I often marvel at how ordinary people face their fears on reality TV shows. Last night, while waiting for the season return of Googlebox, I caught the end of one such show. Two female celebrities were placed in an underground tank which was then filled with water… and live snakes. It’s the stuff of nightmares.
I’m not overly fond of spiders. I’m not debilitated by them but I dislike the way they move stealthily until they are satisfied they’ve found a prime spot guaranteed to maximise the decibels of my scream.
So I was intrigued to learn of a possible cure for my mini-phobia. The BBC reports on research in the US where arachnophobes were exposed to a slideshow of a series of flowers, amongst which photos of spiders flashed up quickly. The research shows the person physically responding to the image of the spider, the mind lighting up like a Christmas tree as it tried to control the fear response. Yet the person was not conscious of having seen the spider. The exposure was too short. The researchers suggest this technique could be refined as a technique to cure for phobias amongst adults and children.
What does this have to do with marketing you ask?
The technique being trialled reminds me of subliminal marketing in advertising. The premise is this: if you slip subliminal messages in your advertising, you can influence conscious buying behaviour through the subconscious mind.
Subliminal marketing has been the subject of many studies because consumers are concerned about what feels like a type of deception. It is illegal in places, including certain instances in Australia (eg television programs and community service announcements). But does it work? There’s no clear evidence yet that subliminal messaging in advertising can affect future buying behaviour. And as future buying is what advertising is aiming to influence, it seems to me there are more reliable ways to make an impact.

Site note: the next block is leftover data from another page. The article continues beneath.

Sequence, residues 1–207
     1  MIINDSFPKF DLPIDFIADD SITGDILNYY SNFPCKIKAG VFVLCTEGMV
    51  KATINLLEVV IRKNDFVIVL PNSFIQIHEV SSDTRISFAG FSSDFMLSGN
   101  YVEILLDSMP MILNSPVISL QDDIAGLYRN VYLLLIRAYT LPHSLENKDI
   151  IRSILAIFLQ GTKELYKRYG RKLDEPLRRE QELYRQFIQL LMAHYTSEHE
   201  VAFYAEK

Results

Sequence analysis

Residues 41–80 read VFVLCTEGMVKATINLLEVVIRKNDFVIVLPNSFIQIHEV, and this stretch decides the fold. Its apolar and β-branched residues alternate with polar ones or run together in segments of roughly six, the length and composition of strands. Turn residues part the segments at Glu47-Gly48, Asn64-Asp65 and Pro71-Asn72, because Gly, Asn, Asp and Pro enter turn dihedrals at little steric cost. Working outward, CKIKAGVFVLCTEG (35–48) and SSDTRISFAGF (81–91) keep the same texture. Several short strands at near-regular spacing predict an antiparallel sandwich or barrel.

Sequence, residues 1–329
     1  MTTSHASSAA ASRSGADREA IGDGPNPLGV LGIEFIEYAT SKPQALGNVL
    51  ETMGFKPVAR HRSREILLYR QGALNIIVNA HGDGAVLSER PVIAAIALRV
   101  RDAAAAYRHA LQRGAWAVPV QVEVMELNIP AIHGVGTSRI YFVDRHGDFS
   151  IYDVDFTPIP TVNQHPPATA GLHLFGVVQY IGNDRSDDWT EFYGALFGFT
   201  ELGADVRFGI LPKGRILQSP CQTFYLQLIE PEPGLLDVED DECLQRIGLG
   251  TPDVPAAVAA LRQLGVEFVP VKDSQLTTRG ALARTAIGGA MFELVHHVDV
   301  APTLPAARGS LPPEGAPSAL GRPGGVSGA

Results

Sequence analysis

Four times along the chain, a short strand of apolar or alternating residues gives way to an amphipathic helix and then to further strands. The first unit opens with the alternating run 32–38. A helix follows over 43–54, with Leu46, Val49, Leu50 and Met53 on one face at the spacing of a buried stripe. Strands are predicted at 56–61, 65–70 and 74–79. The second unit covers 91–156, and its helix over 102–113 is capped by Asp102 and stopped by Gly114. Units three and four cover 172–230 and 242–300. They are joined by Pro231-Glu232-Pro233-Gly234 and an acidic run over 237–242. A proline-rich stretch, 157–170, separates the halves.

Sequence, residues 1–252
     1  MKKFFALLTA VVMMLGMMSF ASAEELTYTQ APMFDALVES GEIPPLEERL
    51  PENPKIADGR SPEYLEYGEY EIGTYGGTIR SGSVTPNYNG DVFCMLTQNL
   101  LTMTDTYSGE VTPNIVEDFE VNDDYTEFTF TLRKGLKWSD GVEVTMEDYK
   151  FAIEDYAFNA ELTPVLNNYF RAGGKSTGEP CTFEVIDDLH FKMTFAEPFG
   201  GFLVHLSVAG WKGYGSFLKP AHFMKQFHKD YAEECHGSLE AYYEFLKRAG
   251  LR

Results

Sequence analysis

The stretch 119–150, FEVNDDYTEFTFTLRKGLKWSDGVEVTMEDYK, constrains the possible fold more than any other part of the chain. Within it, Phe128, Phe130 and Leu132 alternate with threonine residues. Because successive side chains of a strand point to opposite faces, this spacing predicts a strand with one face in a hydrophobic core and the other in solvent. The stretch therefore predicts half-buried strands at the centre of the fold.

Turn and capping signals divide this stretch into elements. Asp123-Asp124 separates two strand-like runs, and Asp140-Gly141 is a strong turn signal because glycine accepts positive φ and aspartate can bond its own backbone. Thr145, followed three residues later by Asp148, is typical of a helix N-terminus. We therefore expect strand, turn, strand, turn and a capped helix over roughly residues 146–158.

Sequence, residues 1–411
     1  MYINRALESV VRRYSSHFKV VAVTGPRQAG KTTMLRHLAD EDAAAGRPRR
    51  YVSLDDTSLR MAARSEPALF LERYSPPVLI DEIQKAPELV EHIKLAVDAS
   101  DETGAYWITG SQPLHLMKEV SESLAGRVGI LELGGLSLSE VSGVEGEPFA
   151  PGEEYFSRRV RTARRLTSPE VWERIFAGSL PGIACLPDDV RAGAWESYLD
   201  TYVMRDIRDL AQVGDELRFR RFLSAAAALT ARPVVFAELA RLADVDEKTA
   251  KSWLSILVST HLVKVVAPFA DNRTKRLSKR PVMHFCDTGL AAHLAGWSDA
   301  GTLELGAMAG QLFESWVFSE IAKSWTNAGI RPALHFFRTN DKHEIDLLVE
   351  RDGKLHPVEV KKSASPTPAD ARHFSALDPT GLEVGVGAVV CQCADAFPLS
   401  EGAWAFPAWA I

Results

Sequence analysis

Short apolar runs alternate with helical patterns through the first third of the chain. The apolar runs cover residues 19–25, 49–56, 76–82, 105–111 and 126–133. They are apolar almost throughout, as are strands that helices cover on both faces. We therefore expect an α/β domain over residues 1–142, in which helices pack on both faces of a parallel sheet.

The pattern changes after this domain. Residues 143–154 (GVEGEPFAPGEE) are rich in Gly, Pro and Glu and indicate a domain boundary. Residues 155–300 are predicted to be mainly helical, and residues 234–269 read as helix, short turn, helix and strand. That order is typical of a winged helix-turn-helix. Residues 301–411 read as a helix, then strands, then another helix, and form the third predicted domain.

I don’t understand the need for subterfuge. Why would you want to hide your brand in your advertising and leave it to the off-chance someone will subconsciously act on it?
How NOT to accidentally let your competitor photobomb your advertising
Your aim should be to leave people in no doubt about what is being advertised and that it is coming from you.
Good branding is essential, particularly for smaller brands. There’s evidence that people who see a poorly branded advert may later incorrectly attribute it to the first brand they think of – often a bigger competitor in the category. (Great reading on advertising, likeability and recall in this scientific study). You’ve probably done it yourself. Have you ever seen an advert and all you can really remember is that it was funny, and it was for beer but you had no idea which brand it was? The advertiser has simply wasted its money.
Don’t leave gaps for your competition to creep into your campaign. Instead, make sure your campaign uses distinctive brand assets that the market can only associate with you.
I first learned how to measure distinctive brand assets from the Ehrenberg-Bass Institute of Marketing Science during my Graduate Diploma of Marketing at UniSA. Leveraging these assets doesn’t mean plonking your logo in the corner of your TV commercial for its duration. It’s about weaving into the creative, more subtle but still recognisable elements. The McDonalds ‘whistle’, Toyota ‘jump’ and Mortein’s ‘Louie the Fly’ (almost disastrously killed off) are good examples. In the case of TV, radio or video content, the trick is to also distribute these throughout the ad. Leaving them for the last 3 seconds is pretty unhelpful to people who skip past your youtube pre-roll.
So back to the arachnopohobes. It will be interesting to see if attempts to influence conscious behaviour through the subconscious mind, proves more effective in changing behaviour in phobias than in advertising. I guess the real test – as always – is what people actually do in real life. Until then, what is known is that spiders almost certainly can be found hiding in the strangest of places.